Scientists explore role of immunocompromised in generating Covid-19 variants

As variants of the SARS-CoV-2 virus that causes Covid-19 have appeared over the past several months, scientists have sought to understand how they come to be. Some have been looking into the role that individuals with compromised immune systems may play in spurring the mutations of the virus that create new variants.

Patients waiting for vaccinations against Covid-19 near Johannesburg, South Africa, August 30, 2021.
Patients waiting for vaccinations against Covid-19 near Johannesburg, South Africa, August 30, 2021. © Sipiwe Sibeko, Reuters/File

Who is the Omicron variant's patient zero? Detected for the first time in South Africa, the variant formally known as B.1.1.529 sparked immediate concern in the international community. Indeed, Omicron's unprecedented number of mutations – more than 30 compared with the original strain of this coronavirus – present two potential threats: that it could be particularly contagious and that it might prove resistant to existing vaccines.

While governments around the world have set out to bolster restrictions to stem Omicron's spread, scientists have set about tracing the origins of the "super mutant" variant to understand how it came into being.

Among the theories put forward, some researchers are looking at mutations that appeared in one infected patient with a compromised immune system. Over the course of several months, they have studied the effect of a possible link between the emergence of variants of the highest concern and immune systems weakened in patients who are, for example, suffering from cancer, waiting for an organ transplant or living with untreated HIV.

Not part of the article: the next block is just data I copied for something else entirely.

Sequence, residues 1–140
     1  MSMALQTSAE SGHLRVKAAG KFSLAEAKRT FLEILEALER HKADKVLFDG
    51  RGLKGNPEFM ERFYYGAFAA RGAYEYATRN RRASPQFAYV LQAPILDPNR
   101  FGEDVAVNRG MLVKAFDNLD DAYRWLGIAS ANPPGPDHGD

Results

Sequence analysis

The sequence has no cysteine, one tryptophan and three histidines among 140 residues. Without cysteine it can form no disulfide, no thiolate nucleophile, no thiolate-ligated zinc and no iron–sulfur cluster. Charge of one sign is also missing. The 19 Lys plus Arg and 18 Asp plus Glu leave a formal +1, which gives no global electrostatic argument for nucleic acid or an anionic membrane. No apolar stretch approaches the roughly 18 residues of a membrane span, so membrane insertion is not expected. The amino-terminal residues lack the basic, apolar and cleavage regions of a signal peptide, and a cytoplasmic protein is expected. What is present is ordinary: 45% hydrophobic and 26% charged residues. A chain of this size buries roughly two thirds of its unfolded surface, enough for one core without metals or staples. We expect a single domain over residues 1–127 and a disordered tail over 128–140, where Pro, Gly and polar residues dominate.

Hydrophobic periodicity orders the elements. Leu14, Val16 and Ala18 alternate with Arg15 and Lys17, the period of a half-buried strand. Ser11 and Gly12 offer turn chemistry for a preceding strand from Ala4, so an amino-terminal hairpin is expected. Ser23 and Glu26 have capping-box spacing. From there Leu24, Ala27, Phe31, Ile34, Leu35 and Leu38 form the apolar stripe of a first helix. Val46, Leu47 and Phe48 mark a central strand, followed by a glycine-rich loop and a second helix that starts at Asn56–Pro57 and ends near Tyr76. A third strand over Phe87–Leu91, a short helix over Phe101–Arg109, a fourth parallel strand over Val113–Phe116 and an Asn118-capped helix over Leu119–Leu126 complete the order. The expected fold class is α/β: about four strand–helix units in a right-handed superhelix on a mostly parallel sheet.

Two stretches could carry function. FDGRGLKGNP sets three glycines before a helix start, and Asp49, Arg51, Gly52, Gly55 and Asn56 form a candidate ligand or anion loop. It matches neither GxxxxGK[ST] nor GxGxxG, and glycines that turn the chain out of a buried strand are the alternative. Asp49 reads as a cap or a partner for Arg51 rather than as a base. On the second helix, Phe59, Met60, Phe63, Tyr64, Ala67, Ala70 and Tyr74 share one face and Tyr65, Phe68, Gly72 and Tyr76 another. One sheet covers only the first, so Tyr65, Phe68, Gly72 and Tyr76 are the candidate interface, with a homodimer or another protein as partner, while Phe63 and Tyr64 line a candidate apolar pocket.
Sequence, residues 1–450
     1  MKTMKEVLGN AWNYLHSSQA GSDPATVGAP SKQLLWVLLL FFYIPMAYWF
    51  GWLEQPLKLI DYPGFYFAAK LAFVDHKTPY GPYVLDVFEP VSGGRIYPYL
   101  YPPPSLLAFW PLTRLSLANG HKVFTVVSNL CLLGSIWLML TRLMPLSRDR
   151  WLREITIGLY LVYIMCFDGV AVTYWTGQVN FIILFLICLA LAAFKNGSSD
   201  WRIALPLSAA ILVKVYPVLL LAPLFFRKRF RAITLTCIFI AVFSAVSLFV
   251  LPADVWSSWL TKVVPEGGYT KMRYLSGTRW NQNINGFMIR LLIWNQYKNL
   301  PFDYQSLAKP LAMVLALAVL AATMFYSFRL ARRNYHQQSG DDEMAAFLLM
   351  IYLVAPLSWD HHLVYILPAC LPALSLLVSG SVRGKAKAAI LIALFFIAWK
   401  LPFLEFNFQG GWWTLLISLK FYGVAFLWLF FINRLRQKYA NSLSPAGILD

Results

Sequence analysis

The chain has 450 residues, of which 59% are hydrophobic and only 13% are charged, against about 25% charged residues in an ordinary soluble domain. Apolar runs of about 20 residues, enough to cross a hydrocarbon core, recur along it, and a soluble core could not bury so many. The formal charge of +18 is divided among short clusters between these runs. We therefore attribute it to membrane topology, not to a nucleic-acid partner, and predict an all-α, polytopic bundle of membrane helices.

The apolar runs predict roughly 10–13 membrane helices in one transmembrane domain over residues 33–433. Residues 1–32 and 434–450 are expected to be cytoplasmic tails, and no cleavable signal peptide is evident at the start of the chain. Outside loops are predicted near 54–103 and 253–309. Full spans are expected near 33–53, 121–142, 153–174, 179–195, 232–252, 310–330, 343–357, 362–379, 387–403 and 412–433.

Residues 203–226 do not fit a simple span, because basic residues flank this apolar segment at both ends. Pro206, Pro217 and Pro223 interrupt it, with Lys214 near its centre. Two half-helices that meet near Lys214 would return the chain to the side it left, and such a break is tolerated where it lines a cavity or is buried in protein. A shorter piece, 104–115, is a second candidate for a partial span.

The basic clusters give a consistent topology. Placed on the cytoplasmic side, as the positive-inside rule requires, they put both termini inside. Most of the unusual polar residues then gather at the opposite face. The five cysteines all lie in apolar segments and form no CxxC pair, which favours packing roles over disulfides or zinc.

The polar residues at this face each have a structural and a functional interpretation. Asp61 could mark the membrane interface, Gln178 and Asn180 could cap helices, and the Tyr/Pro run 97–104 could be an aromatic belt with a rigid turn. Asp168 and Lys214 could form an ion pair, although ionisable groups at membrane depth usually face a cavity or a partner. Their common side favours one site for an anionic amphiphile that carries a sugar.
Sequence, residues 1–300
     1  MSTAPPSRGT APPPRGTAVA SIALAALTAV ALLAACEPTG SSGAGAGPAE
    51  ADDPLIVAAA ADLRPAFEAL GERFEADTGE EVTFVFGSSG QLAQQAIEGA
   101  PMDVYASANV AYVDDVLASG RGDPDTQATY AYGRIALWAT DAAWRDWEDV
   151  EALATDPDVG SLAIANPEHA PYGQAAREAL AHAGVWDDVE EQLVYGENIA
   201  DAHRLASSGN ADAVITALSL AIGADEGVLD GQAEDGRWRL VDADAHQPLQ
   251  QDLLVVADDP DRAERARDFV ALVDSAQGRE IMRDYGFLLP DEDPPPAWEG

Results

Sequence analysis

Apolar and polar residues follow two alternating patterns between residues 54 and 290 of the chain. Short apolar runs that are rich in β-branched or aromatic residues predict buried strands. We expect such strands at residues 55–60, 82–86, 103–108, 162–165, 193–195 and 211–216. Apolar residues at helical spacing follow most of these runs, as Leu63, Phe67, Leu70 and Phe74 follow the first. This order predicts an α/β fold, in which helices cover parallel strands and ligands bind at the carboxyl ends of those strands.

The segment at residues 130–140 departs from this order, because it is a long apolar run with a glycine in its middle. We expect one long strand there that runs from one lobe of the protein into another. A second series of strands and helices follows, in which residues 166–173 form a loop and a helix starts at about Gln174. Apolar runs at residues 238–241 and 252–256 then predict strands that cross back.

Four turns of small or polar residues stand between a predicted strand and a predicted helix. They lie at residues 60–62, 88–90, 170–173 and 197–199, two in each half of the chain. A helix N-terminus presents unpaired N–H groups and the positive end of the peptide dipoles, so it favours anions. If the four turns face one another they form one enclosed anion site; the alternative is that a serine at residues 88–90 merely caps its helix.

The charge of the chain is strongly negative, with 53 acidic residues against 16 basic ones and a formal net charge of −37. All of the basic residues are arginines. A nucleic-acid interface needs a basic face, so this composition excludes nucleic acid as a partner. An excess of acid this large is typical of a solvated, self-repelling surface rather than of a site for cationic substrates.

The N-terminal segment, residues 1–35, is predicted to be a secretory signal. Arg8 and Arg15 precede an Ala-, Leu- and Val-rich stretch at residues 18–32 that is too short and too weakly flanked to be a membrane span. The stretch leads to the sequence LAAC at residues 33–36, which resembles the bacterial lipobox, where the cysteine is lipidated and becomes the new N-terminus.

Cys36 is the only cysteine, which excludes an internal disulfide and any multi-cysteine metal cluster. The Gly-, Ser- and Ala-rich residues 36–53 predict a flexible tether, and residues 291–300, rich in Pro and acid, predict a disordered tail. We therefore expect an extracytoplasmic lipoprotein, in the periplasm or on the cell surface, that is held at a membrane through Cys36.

"When a patient is immune-compromised, the virus will remain in their system for a very long time, sometimes several months, compared to just a few days in the average person," Morgane Bomsel, a virologist at the CNRS and the Cochin Institute in Paris, told FRANCE 24. "His immune defence system is too weak and he can't manage to rid himself of the virus."

Selection pressure

According to a study published last month in the journal Nature Communications, a 58-year-old man with a history of kidney disease and under immunosuppressive treatment following a transplant remained Covid-19 positive for more than six months.

In December 2020, doctors in the United States brought to light a similar case of a patient under immunosuppressive treatment who died after a Covid-19 infection that had lasted 154 days. "And during all that time, the virus can accumulate a whole series of mutations and create a variant," Bomsel explained.

It bears noting that SARS-CoV-2, like all viruses, has a genetic makeup that replicates itself. But sometimes errors insinuate themselves into that process. Those are known as mutations. In most cases, they have no repercussions, but some can modify the transmissibility or the virulence of a virus. The variant is therefore that new version of the virus accounting for those assorted modifications.

"Among immunocompromised patients, the immune system will not manage to beat the virus, but it will still fight against it. That will provoke what we call selection pressure," Vincent Maréchal, a professor of virology at Sorbonne University, told FRANCE 24.

In short, in the battle between the immune system and the virus, the latter will be forced to evolve and will retain only the mutations that allow it to continue to reproduce and to resist. As a result, only the most dangerous of mutations will remain – those able to escape the neutralising power of antibodies. It is that virus, with its mutations, that will be passed along if the patient infects somebody else.

"With such an impressive number of mutations, the Omicron variant very probably found its origin in an immunocompromised patient," Maréchal said.